Sen. Gillibrand: The Gravel, She’ll Cavil, Was Ended Mainly by the Gavel
The not-so-heightened drama called the confirmation hearings for Judge Sonia Sotomayor began yesterday, and it fell upon New York’s junior senator, the palpably not-ready-for-prime-time Kirsten Gillibrand, to follow New York’s more polished senior senator, Charles Schumer, in introducing the nominee.
Schumer, whom I adore but who, let’s be perfectly honest, never met a microphone he didn’t want to French kiss, at least delivered a compact, appropriately high-praising introduction of Sotomayor, who quite understandably radiated exquisite pride.
Alas, though, Senator Gillibrand unintentionally stole the spotlight when her remarks began to channel the style of President Warren G. Harding, arguably most famous for his love of bloviation. (Bloviate is a word. Read this.)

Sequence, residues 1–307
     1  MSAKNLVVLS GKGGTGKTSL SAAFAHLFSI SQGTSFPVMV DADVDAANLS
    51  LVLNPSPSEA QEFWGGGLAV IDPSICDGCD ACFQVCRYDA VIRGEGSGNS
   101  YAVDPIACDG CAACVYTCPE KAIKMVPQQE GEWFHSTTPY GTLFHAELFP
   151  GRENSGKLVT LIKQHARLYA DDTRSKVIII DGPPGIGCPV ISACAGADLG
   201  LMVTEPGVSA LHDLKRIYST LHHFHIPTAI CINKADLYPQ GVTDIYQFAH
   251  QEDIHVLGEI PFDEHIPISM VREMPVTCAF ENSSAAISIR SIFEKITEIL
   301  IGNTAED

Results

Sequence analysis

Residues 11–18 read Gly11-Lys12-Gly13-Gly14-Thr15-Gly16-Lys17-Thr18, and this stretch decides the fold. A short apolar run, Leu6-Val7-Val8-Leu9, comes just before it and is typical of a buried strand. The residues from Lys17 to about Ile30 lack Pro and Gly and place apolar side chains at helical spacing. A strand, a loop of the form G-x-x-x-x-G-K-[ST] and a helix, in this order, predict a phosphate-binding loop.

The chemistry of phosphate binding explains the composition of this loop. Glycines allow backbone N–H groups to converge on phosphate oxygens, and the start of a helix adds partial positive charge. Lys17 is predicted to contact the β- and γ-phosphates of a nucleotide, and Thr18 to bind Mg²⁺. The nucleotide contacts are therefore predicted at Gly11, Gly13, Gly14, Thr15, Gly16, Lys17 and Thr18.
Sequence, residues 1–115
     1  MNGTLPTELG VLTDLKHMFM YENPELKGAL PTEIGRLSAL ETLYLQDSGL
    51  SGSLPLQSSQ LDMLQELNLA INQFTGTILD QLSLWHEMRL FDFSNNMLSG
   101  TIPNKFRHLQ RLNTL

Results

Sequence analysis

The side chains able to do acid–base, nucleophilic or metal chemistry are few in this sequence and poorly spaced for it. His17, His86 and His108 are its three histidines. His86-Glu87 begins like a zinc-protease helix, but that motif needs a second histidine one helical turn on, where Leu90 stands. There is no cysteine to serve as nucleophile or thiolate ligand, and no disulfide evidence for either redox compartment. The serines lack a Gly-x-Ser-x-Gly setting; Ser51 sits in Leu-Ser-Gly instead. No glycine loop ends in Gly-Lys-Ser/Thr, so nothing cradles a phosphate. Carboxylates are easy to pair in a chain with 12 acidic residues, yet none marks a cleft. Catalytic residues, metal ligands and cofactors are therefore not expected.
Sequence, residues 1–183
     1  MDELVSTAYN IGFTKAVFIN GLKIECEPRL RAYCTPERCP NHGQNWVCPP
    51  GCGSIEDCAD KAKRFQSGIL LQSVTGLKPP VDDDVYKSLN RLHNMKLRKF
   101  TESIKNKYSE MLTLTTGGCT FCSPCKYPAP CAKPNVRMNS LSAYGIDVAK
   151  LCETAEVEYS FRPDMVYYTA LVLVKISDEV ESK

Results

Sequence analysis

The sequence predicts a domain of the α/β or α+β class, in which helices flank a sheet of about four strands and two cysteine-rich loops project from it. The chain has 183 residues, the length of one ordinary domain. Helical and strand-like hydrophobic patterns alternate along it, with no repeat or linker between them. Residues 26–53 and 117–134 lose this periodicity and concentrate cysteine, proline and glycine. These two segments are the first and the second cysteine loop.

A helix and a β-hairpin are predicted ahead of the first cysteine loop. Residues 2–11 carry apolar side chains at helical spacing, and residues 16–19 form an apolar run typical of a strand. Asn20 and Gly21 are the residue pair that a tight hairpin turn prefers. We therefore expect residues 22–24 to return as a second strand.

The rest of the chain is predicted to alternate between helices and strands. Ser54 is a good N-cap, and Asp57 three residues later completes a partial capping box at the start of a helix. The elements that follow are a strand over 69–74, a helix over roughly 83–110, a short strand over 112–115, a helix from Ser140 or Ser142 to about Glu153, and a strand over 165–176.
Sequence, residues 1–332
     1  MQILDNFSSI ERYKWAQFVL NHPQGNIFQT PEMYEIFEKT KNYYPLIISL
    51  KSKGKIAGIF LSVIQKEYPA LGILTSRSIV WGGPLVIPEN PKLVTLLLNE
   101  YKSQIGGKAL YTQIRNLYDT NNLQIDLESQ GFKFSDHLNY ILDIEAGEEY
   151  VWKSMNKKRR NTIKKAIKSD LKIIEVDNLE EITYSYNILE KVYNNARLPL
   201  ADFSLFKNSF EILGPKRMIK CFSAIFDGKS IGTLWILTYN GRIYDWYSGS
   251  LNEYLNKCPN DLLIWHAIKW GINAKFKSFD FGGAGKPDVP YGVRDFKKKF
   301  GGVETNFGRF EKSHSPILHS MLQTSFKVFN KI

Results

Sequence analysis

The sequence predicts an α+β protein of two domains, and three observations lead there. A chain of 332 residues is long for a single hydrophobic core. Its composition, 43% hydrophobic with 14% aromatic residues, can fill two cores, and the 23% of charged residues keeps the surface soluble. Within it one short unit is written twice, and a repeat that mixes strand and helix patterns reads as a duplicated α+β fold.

Were Gillibrand an actress, not a senator, one might offer some advice. For example, touting the virtue of self-editing. In addition, her voice doesn’t really suit her face — now, that’s not her fault, but when you look at her, you expect a fairly high pitch. Instead, she speaks with a hint of a rasp, a kind of lunch-bucket-humor trumpet that would not be out of place at the local diner.
Watching Gillibrand read her remarks, it also seemed to me that either some senators simply don’t make enough time to rehearse their remarks in order to deliver them smoothly, decisively and engagingly — I mean, this is, after all, the Judiciary Committee of the U.S. Senate — or fail to think comprehensively about their oratorical abilities in the first place, and I just find that difficult to imagine.
If you want to watch this entire video, do. If you’re in a bit of a rush, however, skip to around 11:00. You’ll be amused by how Sen. Patrick Leahy, who chairs the Judiciary Committee and is amusing himself in that his voice is a profound rasp, persuades Senator Gillibrand to wrap it up.